Art / Exhibitions

Basquiat: Boom for Real

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Prior to the Barbican’s latest exhibition, Boom for Real, I knew very little about Jean-Michel Basquiat beyond the fact that he was black, hung out with Andy Warhol and died at the age of 27. Like most casual observers then, I was astonished when one of his untitled portraits sold for $110.5 million (£85 million) at Sotheby’s earlier this year.

You Say You Want A Revolution?

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This exhibition is one of the best I’ve ever seen. I’ve visited plenty in my time so that’s a bold assertion but one I make without hesitation.

Taking its title from the first line of The Beatles 1968 song “Revolution”, it leads you on an interactive journey through the years 1966 to 1970, combining art, costume, film, music and propaganda.

As you embark, you are invited not simply to reflect upon times past, but to consider their contemporary relevance and the lessons we can learn for the world we live in today.

Feminist Avant-Garde of the 1970s

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This is a timely exhibition of art from second wave feminism, which emerged in the 1960s. By the 1970s artists were using photography, performance and installations as tools for activism. Women’s emancipation and gender equality became a visible part of a wider movement for liberation. Famously the personal became the political.

This is very much in evidence at the exhibition which takes an unflinchingly intimate view of female representation in art and society. Over 200 works by 48 international artists are shown on two levels of the gallery.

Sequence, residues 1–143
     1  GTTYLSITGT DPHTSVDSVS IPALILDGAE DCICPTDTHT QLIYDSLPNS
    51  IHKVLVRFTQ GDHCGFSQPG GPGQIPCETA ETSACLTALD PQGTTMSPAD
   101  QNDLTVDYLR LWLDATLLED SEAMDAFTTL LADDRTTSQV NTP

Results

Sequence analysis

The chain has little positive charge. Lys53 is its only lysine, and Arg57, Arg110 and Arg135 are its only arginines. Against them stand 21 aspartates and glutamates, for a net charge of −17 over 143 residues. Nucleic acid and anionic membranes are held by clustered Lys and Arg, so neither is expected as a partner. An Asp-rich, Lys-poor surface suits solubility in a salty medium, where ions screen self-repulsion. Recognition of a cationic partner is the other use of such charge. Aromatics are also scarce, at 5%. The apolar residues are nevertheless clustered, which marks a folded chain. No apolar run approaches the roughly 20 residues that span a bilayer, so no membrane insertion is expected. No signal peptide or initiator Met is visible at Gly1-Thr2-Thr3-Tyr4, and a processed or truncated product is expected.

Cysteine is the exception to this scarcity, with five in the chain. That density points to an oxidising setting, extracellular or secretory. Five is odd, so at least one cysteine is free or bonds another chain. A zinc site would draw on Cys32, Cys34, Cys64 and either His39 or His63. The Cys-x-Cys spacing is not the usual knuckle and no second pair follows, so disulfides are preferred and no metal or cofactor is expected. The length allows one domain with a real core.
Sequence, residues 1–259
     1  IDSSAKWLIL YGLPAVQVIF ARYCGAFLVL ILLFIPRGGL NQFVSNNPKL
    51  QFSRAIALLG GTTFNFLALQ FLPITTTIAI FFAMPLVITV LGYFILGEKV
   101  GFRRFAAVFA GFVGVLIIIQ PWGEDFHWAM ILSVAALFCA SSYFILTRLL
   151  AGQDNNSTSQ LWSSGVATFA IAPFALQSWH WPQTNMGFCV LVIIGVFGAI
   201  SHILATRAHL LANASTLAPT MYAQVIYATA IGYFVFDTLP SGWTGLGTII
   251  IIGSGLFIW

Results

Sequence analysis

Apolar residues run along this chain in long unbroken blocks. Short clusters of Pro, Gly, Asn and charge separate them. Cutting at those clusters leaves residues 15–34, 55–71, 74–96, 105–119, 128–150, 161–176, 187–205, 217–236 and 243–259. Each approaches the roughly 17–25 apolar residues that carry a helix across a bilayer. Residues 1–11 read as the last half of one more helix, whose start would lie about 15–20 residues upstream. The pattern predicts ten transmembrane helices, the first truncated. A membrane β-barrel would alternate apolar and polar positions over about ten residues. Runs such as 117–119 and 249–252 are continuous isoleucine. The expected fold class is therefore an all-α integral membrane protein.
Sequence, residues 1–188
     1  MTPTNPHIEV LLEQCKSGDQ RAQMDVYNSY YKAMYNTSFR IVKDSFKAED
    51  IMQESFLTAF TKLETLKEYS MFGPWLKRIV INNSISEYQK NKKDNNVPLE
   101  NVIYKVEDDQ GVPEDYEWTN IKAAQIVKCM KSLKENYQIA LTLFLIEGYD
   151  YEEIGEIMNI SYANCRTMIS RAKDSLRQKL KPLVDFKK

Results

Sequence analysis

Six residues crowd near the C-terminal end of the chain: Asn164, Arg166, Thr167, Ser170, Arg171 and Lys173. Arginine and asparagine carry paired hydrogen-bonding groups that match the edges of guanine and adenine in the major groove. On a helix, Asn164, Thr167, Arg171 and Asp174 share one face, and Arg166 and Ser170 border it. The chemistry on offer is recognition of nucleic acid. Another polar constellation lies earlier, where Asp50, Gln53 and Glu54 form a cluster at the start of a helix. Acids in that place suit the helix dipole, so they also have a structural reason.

Abstract Expressionism

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At the close of the Second World War, the Western art world pivoted from Europe to the United States. The great wave of artists influenced by the Russian and German revolutionary movements had crashed in the 1920s when socialist realism became only art style sanctioned by Moscow.

In New York a collection of ambitious young emerging artists was producing work that escaped the confines of representation and sought to interrogate the feelings and emotions of the age. Some were natives of the city, some were escaping the horrors engulfing Europe.

The Body Extended: Sculpture and Prosthetics

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I wear prosthetics and I have never considered them to be sculpture or an object of art. My prosthetics aren’t quite me nor are they quite distinct from me. Are they the creation of Deborah the prosthetist, or are they now my creation, wearing the scratches and scuffs of my everyday use?

This exhibition appears to clearly place these prosthetics in the realm of the creator, whether this is by artist, sculptor, engineer, craftsman or doctor. This challenged me emotionally more than I expected, and probably affected my response.

Superwoman: Work, Build and Don't Whine

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This exhibition documents women in Russian art and society from the great advances of the 1917 revolutions through to Perestroika in the 1980s. It identifies the double burden of oppression which women experienced in Stalinist Russia: exploited in the workplace and bearing the brunt of household chores and child rearing, all under the banner of being “liberated women”.

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